Interview: Kim Dae Jung

Our People Have Become Desperate



Kim Dae Jung, 58, is South Korea’s leading dissident politician. After spending 2 1/2 years in prison on a sedition charge, he went to the United States in December 1982 for medical treatment. Last month he announced that at the end of this year he would return to South Korea from political exile. Kim recently spoke to Newsweek’s Paul Mooney in New York about his return and the political situation in South Korea.


Mooney: Why did you decide that you would return to South Korea?

Kim: By the end of this year I will have been here for two years and I have tried hard to support our people. But now it is time for me to go back and join them in their struggle for the restoration of democracy. Another reason is that I see a serious crisis in the Korean political climate. More than 90 percent of our people don’t support the Chun Doo Hwan regime, but they are reluctant to participate in the struggle for democracy because they have become desperate and apolitical. This is because of their disappointment with the dictatorship, the corruption and the huge gap between haves and have-nots. Even though there are many Chun opponents, we have not yet achieved our goal.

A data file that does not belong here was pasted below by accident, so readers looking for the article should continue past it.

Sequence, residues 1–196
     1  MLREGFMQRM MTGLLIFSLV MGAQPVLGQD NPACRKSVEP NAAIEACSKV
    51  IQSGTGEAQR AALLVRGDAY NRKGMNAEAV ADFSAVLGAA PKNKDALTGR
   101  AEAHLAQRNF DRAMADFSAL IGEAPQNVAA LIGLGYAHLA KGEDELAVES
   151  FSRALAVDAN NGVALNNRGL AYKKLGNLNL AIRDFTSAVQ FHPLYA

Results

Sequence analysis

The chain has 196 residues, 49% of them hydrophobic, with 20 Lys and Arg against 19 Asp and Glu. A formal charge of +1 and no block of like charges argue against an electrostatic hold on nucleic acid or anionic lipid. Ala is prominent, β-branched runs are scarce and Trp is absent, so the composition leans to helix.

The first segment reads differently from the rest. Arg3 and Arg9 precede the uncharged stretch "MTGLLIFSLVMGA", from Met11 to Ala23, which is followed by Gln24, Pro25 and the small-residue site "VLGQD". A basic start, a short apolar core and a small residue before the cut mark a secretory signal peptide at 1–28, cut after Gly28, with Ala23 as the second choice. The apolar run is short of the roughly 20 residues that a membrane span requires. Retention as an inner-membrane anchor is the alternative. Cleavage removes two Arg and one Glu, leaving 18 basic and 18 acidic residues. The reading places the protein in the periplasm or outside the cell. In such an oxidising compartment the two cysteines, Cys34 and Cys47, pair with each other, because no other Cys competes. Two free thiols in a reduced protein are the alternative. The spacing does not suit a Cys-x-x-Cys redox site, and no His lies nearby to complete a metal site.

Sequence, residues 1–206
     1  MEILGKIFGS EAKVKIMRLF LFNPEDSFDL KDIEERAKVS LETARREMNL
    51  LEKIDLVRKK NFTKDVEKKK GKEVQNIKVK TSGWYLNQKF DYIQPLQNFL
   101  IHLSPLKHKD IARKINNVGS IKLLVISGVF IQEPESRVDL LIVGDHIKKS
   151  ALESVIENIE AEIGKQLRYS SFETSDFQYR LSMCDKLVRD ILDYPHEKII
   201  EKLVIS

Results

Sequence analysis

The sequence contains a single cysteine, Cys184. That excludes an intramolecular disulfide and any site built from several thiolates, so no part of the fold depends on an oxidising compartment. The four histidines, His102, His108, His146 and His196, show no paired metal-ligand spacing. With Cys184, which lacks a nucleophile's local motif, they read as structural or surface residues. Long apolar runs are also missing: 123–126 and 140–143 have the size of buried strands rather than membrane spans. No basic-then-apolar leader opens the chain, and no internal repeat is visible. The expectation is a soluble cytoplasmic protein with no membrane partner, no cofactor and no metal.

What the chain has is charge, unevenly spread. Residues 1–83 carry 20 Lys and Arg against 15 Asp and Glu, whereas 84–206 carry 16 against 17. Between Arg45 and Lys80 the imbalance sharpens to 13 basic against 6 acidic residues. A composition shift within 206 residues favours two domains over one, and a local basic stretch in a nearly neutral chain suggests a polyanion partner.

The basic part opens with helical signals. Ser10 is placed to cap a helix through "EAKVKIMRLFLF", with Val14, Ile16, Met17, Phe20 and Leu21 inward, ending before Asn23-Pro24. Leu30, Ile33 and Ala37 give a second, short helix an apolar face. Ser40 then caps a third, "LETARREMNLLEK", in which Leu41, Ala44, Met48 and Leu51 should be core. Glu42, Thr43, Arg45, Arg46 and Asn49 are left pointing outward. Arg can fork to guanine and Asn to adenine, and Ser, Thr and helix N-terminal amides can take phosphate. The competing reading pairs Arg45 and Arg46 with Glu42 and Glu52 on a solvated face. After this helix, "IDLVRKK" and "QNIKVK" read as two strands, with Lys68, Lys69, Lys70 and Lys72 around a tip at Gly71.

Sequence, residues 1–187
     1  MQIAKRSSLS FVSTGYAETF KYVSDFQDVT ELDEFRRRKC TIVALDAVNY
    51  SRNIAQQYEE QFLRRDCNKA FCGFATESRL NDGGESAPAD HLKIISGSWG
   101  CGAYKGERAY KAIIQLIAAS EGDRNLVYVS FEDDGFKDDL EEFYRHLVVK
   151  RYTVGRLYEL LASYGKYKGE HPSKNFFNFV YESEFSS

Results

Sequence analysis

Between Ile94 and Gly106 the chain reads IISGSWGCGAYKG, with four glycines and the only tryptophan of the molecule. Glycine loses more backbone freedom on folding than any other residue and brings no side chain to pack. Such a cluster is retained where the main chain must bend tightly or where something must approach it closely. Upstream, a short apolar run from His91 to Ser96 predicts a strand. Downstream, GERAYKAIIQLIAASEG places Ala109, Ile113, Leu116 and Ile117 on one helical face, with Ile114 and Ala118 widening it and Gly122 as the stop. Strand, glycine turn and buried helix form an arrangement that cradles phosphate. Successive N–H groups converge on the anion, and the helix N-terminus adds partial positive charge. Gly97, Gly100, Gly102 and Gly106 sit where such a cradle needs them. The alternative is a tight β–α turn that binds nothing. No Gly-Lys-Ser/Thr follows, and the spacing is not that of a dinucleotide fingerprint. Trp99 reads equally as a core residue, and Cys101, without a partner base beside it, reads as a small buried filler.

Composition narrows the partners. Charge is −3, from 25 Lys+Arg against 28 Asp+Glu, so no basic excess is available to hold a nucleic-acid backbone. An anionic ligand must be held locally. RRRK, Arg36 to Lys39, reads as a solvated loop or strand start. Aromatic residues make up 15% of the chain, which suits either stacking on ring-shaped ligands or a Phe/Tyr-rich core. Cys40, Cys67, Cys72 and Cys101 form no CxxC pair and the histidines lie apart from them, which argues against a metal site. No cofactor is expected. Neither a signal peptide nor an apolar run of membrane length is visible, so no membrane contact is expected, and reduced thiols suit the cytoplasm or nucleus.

Of course Chun is not strong enough to crush us completely. There is a stalemate between both sides. At the same time, some of our people are becoming radical, even accepting communism or becoming anti-American, because of their anger and disappointment with the present situation. If the situation continues, within several years it will be beyond my ability to handle it, and there will be no hope for the restoration of democracy and peaceful reunification.

Q. But you are still on South Korea’s list of banned politicians. 

A.I can’t participate in political activities, and I don’t want to. But even if I am banned I have the right to advocate human rights and democracy. That is a basic right of all human beings. This should not be considered a political activity; even if the government accuses me of violating the law I will not obey. Government must exist to protect our basic rights, not to destroy them.